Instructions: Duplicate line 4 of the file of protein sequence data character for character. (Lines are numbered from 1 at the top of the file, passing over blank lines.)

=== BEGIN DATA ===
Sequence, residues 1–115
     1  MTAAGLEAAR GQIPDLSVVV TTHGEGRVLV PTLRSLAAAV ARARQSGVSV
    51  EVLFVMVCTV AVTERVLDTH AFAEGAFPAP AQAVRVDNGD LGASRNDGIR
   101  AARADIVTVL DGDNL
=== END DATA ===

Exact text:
   101  AARADIVTVL DGDNL